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So You Got Married! Now What?

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April 2008
So You Got Married! Now What?

Marriages within the United States

The U.S. citizen needs to submit an I-130 visa petition to the appropriate USCIS office to prove that the marriage was not entered into for the sole purpose of obtaining a green card. The burden is on the parties to establish the bona fides of the marriage. Proof of a bona fide marriage is very flexible – you can send in proof of the wedding, such as invitations, pictures, etc., as well as proof that you are now living as a married couple, such as a joint lease, joint bank account documents, utility bills, etc. At the same time, the non-citizen spouse should submit an application for adjustment of status, green card-type photographs, and numerous other USCIS forms, plus USCIS filing fees. The USCIS schedules an interview, with the timeframe depending upon the location.

Marriages outside the United States

The non-citizen spouse usually must remain in her/his country until s/he obtains the green card. On the other hand, if the parties are not yet married, then the foreign fiancé/e can enter the U.S. on the K-1 fiancé/e visa but is required to get married to the sponsoring U.S. citizen and file the adjustment of status application package for the green card within 90 days of entry.

If the marriage takes place abroad, then, after the marriage, the citizen spouse submits a visa petition to either the appropriate USCIS office or directly to the U.S. consulate in the country where the non-citizen spouse lives. Consulates may impose various restrictions on who is eligible to file petitions there. Depending on the location, it could take several months to obtain the approval.

Once the visa petition has been approved, the non-citizen spouse will receive a packet from the National Visa Center (NVC). The packet will inform that spouse of the documents required at the immigrant visa interview abroad and the packet will also include documents requesting biographic data that need to be completed and forwarded to the U.S. consulate. The process can take a further three to six months.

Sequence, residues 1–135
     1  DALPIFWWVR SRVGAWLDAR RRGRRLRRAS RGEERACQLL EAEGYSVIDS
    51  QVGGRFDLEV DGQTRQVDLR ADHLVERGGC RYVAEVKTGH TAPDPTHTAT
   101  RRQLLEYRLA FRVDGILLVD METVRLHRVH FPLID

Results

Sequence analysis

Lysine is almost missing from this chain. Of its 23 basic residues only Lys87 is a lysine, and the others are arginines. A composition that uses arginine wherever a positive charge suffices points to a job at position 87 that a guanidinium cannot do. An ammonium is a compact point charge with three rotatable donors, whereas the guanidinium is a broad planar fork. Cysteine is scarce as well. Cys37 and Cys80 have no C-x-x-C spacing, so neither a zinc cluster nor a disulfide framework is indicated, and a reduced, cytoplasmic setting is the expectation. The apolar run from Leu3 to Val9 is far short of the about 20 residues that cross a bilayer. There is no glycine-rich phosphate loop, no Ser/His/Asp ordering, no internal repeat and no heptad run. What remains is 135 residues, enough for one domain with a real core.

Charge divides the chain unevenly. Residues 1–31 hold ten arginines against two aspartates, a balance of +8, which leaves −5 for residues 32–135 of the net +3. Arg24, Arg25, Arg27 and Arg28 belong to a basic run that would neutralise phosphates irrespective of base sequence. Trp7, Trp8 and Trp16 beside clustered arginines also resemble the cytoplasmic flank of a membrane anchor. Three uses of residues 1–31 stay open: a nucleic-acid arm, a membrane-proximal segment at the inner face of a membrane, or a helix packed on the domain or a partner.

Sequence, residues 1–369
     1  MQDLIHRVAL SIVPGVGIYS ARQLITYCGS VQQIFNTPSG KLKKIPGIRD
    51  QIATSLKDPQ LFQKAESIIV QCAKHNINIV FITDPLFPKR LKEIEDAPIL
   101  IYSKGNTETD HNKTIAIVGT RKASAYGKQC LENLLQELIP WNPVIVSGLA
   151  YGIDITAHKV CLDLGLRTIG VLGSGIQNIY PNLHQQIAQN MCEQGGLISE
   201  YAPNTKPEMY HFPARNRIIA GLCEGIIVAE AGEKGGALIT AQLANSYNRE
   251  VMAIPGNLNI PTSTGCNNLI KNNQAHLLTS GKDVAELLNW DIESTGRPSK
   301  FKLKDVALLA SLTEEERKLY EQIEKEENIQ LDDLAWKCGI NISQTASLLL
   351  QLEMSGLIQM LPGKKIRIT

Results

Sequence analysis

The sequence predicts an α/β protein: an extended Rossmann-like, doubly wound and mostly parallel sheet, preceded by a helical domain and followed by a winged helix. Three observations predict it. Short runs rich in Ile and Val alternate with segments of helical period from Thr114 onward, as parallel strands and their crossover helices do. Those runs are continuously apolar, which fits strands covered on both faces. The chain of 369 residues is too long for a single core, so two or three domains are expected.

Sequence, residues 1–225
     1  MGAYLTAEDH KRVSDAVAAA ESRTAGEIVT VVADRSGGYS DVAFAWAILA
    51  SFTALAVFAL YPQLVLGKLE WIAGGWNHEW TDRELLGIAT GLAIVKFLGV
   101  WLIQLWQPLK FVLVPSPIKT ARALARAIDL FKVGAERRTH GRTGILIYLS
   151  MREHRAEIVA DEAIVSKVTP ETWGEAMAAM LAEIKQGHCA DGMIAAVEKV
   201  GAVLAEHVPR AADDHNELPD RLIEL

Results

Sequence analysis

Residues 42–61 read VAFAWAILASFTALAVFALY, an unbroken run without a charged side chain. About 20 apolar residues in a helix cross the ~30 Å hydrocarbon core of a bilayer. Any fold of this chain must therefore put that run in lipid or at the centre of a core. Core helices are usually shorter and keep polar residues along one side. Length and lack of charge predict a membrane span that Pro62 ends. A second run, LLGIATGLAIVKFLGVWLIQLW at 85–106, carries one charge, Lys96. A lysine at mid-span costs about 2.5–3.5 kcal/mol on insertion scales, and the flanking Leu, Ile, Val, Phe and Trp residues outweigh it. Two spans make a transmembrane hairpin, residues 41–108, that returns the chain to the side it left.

In order to expedite the immigrant visa process after filing the visa petition, the citizen spouse can also file a K-3 petition, a nonimmigrant visa for a spouse. As with the immigrant visa process, NVC notifies the consulate of the approval of the K-3 petition. Often the spouse is able to come to the U.S. on the K-3 in only half the time it would take to wait for the whole immigrant visa process to be completed.

Since spouses of U.S. citizens are considered “immediate relatives” under immigration laws, they are exempt from all numerical quota limitations for the green card, so there is no waiting list.

Conditional Residence

If the marriage is less than two years old when the non-citizen spouse becomes a permanent resident, the green card will expire after a two-year period. Both spouses must submit a joint petition to remove the two-year condition within the 90-day period immediately preceding the end of the two years. If the marriage has terminated by reason of divorce, death of the citizen spouse, or spousal abuse, the non-citizen spouse may apply for a waiver of the joint petition requirement.


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